“Demagogic,” “wrongheaded,” even “Trumpian”—those were the words used to describe the proposal put forward on Sunday by Pietro Grasso of the Free and Equal Party about eliminating university tuition fees in Italy. The barrage of criticism is coming from the Democratic Party, involving the whole of its Renzian wing—a sign that the proposal has struck a nerve.
This is not a novel suggestion on the Left. It is also found in paragraph 7 of the electoral platform of Power to the People, as part of a highly progressive reform of general taxation. However, many voices from the Left have come out against Grasso’s proposal on social media. What would amount to a tax cut of €1.7 billion (or around €1 billion, if the measure were to be applied only to public universities) might benefit the “rich,” worsening the very inequalities that the measure is supposed to reduce.
On the other hand, one can argue that education is a universal human right and not merely a commodity. If it is a right, schools and universities should be free, paid for through general taxation, which would have to be much more equitable: Those who have a lot should pay a lot, and those who have little or nothing should pay little or nothing. Admittedly, in the times of the “flat tax” and the elimination of the IMU property tax on the first house owned, these notions might sound like science fiction.
Carlo Calenda, our talkative Minister of Development, has argued that Grasso’s proposal would be like the “Tax Bill” that Trump managed to push through Congress in the United States: “It is a benefit given to the richest part of the country,” he said, as well as being “badly thought out. Today, the students with low incomes are de facto already exempt from fees.”
At this point the controversy escalated, and Pierluigi Bersani felt compelled to defend the reasons behind Grasso’s statement: “I’d like to say to Minister Calenda that he should be a bit more modest: It is not a Trump-style proposal, but rather a German-style proposal.” In Germany (according to the decision of each Land, or region), Austria, Croatia, Slovenia, the Czech Republic, Hungary and Greece, “university education is free.”
Roberto Speranza (Free and Equal) pointed to another aspect of the problem: the abolition of tuition fees, perhaps including a refinancing of schools and universities from other sources than special taxes on education, would increase the number of students and graduates. “With 15.7 percent, compared to the E.U. average of 27.3 percent, Italy is 12 points below the European average with regard to the number of university graduates.”
“Calenda probably confused Trump with Corbyn,” said Elisa Simoni (Free and Equal), and “the necessary money will come from paring down the wasteful subsidies that are harmful for the environment. I hope Calenda is not in favor of this wastefulness.”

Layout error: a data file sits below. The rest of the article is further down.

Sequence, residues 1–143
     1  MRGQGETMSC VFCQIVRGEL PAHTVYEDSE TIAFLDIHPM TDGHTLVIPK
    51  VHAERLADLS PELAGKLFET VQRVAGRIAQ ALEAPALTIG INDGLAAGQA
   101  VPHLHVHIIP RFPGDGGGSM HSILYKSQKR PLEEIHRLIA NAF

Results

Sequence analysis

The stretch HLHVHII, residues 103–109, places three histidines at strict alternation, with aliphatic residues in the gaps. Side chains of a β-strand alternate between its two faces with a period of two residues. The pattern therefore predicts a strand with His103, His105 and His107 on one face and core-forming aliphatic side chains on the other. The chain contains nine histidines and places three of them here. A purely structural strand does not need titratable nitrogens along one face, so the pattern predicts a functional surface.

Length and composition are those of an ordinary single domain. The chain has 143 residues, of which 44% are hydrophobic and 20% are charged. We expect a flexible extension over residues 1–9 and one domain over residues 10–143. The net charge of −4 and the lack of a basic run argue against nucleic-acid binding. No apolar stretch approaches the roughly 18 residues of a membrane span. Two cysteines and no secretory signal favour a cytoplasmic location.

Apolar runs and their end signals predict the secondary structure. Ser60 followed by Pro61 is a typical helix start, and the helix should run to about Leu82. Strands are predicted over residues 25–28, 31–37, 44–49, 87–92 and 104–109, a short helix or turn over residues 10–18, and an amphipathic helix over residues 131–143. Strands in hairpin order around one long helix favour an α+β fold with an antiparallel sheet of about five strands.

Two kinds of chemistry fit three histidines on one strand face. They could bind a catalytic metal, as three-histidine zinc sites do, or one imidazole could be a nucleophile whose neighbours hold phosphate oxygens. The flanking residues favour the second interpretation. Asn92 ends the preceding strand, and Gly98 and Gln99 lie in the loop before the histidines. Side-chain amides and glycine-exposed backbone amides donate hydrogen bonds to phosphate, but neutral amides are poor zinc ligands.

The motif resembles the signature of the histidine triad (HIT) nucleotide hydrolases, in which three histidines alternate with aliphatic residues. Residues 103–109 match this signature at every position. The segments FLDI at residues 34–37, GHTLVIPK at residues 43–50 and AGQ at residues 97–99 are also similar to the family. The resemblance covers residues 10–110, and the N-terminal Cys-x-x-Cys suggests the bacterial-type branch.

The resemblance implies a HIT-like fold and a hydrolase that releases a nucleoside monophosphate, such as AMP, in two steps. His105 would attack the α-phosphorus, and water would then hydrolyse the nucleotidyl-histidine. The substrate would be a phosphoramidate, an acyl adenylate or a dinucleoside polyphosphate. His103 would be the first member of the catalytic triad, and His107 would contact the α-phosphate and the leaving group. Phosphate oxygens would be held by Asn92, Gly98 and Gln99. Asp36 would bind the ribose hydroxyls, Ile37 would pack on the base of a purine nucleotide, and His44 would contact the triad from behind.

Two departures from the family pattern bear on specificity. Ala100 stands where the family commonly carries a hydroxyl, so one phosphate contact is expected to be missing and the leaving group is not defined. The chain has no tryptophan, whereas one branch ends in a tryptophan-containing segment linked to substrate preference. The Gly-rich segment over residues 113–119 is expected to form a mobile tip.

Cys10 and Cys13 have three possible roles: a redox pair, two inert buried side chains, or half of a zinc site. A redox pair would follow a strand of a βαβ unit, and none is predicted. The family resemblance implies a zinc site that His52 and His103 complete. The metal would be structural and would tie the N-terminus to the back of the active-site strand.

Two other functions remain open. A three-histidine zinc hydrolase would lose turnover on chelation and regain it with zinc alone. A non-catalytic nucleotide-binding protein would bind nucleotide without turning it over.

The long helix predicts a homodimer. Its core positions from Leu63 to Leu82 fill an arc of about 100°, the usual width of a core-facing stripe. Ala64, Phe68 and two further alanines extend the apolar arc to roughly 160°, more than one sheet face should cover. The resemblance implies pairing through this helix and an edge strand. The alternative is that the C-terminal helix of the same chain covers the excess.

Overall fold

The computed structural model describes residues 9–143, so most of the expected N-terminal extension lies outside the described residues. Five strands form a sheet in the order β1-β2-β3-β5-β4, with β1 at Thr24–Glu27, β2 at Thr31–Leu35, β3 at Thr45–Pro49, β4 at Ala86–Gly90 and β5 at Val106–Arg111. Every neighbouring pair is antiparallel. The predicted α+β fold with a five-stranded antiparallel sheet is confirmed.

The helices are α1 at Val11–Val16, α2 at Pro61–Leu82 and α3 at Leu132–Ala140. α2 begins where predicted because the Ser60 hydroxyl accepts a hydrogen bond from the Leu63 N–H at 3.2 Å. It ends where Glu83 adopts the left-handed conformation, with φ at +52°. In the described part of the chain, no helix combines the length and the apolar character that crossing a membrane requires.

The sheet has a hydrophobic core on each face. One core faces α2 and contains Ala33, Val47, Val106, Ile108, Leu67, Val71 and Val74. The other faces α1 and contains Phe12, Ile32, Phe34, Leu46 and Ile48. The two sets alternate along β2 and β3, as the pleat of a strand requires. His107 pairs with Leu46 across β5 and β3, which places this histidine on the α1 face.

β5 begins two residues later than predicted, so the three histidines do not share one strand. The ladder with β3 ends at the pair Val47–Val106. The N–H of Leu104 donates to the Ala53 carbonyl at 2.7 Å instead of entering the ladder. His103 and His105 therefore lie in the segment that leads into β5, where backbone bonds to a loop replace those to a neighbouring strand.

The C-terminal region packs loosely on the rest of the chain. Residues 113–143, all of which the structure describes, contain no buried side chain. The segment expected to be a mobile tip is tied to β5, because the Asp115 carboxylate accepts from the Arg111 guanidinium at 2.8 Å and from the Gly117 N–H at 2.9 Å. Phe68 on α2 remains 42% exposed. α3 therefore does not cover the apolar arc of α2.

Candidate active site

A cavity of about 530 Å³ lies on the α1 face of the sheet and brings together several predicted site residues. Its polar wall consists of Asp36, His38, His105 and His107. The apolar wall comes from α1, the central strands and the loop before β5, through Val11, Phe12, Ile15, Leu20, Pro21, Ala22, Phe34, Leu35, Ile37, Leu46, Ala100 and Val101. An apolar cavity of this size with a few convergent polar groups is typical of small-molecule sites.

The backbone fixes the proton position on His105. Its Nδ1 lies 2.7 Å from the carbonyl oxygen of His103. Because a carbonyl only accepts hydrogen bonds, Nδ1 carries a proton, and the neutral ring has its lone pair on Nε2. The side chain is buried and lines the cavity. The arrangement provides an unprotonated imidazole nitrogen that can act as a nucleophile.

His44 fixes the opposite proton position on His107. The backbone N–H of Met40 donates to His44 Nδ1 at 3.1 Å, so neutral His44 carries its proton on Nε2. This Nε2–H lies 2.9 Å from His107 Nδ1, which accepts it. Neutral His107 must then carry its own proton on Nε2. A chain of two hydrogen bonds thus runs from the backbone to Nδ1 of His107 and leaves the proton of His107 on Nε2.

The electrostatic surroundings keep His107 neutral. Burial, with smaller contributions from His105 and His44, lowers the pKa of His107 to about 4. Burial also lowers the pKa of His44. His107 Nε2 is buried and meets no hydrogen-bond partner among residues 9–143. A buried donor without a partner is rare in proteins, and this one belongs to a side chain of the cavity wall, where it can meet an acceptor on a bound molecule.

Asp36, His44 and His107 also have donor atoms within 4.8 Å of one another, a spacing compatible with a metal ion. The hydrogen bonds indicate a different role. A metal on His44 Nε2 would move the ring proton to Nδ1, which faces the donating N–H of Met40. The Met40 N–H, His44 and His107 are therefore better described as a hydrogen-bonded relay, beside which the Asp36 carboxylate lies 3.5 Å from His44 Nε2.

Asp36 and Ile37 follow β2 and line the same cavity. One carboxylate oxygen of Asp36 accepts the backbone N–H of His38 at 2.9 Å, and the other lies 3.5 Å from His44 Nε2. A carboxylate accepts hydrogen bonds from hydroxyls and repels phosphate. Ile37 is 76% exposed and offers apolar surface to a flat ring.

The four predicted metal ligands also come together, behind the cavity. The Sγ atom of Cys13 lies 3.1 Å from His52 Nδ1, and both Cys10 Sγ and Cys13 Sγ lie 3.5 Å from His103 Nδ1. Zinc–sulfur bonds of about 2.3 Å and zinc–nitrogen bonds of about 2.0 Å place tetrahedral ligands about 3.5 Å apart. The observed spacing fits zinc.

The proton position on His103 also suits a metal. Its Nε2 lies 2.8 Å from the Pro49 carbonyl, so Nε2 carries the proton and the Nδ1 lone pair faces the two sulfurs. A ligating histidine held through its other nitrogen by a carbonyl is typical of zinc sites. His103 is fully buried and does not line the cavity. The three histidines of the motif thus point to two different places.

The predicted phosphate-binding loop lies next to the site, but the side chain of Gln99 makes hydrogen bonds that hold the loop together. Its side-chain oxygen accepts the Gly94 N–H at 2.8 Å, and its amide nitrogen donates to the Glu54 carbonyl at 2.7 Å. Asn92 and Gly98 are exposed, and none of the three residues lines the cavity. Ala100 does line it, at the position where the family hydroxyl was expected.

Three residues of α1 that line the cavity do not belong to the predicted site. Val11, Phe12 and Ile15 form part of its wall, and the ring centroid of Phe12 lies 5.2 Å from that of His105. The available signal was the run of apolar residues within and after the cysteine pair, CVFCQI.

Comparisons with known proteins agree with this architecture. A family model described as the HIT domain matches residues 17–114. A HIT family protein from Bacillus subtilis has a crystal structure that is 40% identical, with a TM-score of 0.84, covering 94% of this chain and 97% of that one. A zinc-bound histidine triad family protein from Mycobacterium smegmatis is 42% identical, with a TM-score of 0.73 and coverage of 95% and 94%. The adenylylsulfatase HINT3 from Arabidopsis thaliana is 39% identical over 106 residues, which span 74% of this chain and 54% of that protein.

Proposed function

Renzi led the assault from the Democratic Party: “A blessing for the rich and for failing students who repeat their school years. A proposal written by Grasso but designed for Di Maio. Whoever is richer should pay more.” In turn, according to Padoan, the Minister of the Economy, “the university problem is larger than just tuition fees. We must improve the research facilities and offer support for the teachers.” Too bad that he only came to that conclusion at the end of the government’s term.
“A demagogic proposal, like Robin Hood in reverse,” said the economic mind behind Renzism, Tommaso Nannicini. “It would be a measure that steals from the poor.” The full-on assault continued with Manuela Ghizzoni (Democratic Party), who boasted that the “Student Act” (another one of the Anglicisms we have been cursed with in recent years) that was approved as part of the 2017 budget law established a “no tax area” for those who have an ISEE-certified household income of up to €13,000, and reduced fees for incomes of up to €30,000. The number of students currently exempt from taxes is 600,000, 15,000 more than last year. But this itself is a sign that truly free education would have a positive effect.
Further criticism also came from the Insieme (“Together”) alliance, which will run as allies of the Democratic Party in the March 4 elections. The Grasso proposal “is not equitable, nor properly contextualized. It proposes to cut taxes even for those who can afford them easily, and it would further reduce the already scant resources dedicated to education and research,” Giulio Santagata said.
Even the heads of universities weighed in against the proposal. “The priorities are investing in young people from low-income families to facilitate their access to the university and investing in young researchers,” said Gaetano Manfredi, Rector of the University of Naples Federico II and President of the CRUI (Conference of the Rectors of Italian Universities). “Then, if they have €10 billion to invest, the tuition fees could be eliminated as well.”